BIAFRA AS PROTEST AGAINST INJUSTICE

May 30 is historic. May 30 is significant. May 30 is memorable. May 30 is Biafra Day. On May 30, 1967, Biafra was proclaimed as a sovereign nation, independent of Nigeria. The day remains evergreen and stamps permanently in the minds of the people, in their psyche, and in their subconscious.

Biafra stands in judgment against Nigeria. Biafra is a sad reminder of the injustice done to the Igbo in the past and which continues even up till today . The more you try to suppress Biafra, the more it continues to resonate, to haunt the people, and to convict the nation of its ugly and despicable past.

On May 29, 1966, thousands of Eastern Nigerians, and particularly, the Igbo, resident in different parts of Northern Nigeria, were descended upon in well coordinated mob attacks by Hausa/Fulani youths, sponsored by their elders. In the process, many of the Igbo people were killed or maimed and their property looted or destroyed. Yet, it could not prick the conscience of Nigerians. Many of them kept quiet and did not say anything.

On July 29, 1966, the same coordinated attacks by the same group of people were again launched on the Igbo. This time around, it assumed the status of a counter coup, with hundreds of Senior Igbo military officers and soldiers of other ranks, including the then Head of State, Major General JTU Aguiyi-Ironsi, and his host, Colonel Adekunle Fajuyi, Military Governor of Western Region, as well as thousands of civilians, killed and their property looted. The nation and the world still kept quiet.

The same pattern of killings were again repeated on September 29, 1966. This time, it was no longer confined to the North, but spread to all parts of the country. That was when the Igbo realized that they were no longer wanted in Nigeria. They then decided to make their way back to the East.

By the end of the year, 1966, no less than 30,000 Eastern Nigerians, and the Igbo, in particular, had returned to the East as refugees, while over 3,000 others were killed or maimed and their property looted or destroyed.

Every effort made to resolve the crisis, including a meeting of the ruling military officers held at Aburi in Ghana in January 1967, hit brick walls, as every Nigerian was out to push the Igbo or the East, out of Nigeria. That was when the people of the East decided to take their destiny in their hand, and to seek refuge in their own land. This led to the birth Biafra, on May 30, 1967, when Ojukwu declared Biafra, which was a defence mechanism.

But that was not the end. A genocidal war was then unleashed on the people, and everything possible done to wipe Biafrans out of the surface of the earth, including the use of most unconventional methods of modern warfare, starvation, and what have you. But the people would not be annihilated, they continued to trudge on.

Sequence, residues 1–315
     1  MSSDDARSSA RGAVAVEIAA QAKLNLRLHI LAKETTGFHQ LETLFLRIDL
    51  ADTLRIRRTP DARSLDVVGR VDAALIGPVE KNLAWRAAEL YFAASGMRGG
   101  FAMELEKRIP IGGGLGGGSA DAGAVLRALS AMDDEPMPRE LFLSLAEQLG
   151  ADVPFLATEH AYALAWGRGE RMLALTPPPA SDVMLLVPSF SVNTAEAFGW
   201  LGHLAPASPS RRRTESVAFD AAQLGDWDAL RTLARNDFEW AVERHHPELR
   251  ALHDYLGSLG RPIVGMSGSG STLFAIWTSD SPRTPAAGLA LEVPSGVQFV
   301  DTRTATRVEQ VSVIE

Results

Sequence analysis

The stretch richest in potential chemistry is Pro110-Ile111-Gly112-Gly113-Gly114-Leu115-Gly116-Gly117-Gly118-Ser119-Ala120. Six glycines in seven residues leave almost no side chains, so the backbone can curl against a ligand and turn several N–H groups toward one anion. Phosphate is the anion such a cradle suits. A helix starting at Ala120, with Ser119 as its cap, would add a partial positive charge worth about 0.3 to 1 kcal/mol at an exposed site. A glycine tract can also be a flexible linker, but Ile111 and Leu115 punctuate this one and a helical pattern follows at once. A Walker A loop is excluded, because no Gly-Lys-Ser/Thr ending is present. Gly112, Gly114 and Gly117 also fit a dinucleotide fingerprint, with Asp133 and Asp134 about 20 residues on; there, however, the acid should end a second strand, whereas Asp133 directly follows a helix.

At the end of the war, every Igbo man who did not perish in the war, and who had money deposited in banks before the war, was reduced to twenty pounds, or forty naira, no matter the amount he had in those banks. This was to further crush them the more. From then on, the Igbo, or the Biafrans, were relegated to the background and no longer counted, or had fair share in the entity called Nigeria.

Far back in 1591, Biafra was seen on the world map, on the Portuguese map, showing an area inhabited by some “vigorous people whose deep culture celebrated energy, accomplishment and wisdom”. On May 30, 1967, a new Biafra emerged, inhabited by the same “vigorous people”, but this time, it was Biafra, standing as resentment or as a protest against injustice, against oppression, and against man’s inhumanity to man.

Modern Biafra is therefore on historic mission. It is on mission to humanize Nigeria, to rid the country of injustice and oppression. Even if all the armies in the world were to be mobilized and marshalled out against Biafra, they would not succeed in defeating Biafra, because Biafra has become a phenomenon, a movement engraved in the minds of the people, and in their subconscious, from 1591 to date.

Most of the people who are currently championing Biafra, campaigning or agitating for the actualization of Biafra, were young men and women who were born long after Biafra was said to have been defeated in 1970. That was about 52 years ago. But the Biafra movement is still vigorously alive and will continue to thrive.

This is because Biafra is aimed to convict Nigeria of injustice. There are many injustices in Nigeria. There is injustice in access to political power. There is injustice in allocation of resources. There is injustice in the distribution of political offices. There is injustice in the siting of projects. There is injustice in the utilization of the nation’s Commonwealth, etc.

In particular, Nigeria has not been fair to the Igbo. Accordingly, Biafra stands as a protest against a system which consistently denies a particular ethnic group, the right to aspire to the highest office in the land, the Presidency; which excludes them from occupying top positions in the country’s Armed Forces, the Police, and other security services, etc.; which fails to recognize the talents or the worth of Igbo man, the sacrifices he had made or his contributions in building Nigeria; and which keeps out the Igbo from participating in the sharing of the country’s resources.

Biafra is also a reminder of the faulty foundation of Nigeria: that Nigeria was an imposition, an unholy wedlock or forced marriage, which was contrived by Great Britain without the consent of the marriage partners.

Biafra is also a clarion call for an urgent review of this unholy wedlock, before it gets messier or torn to pieces.

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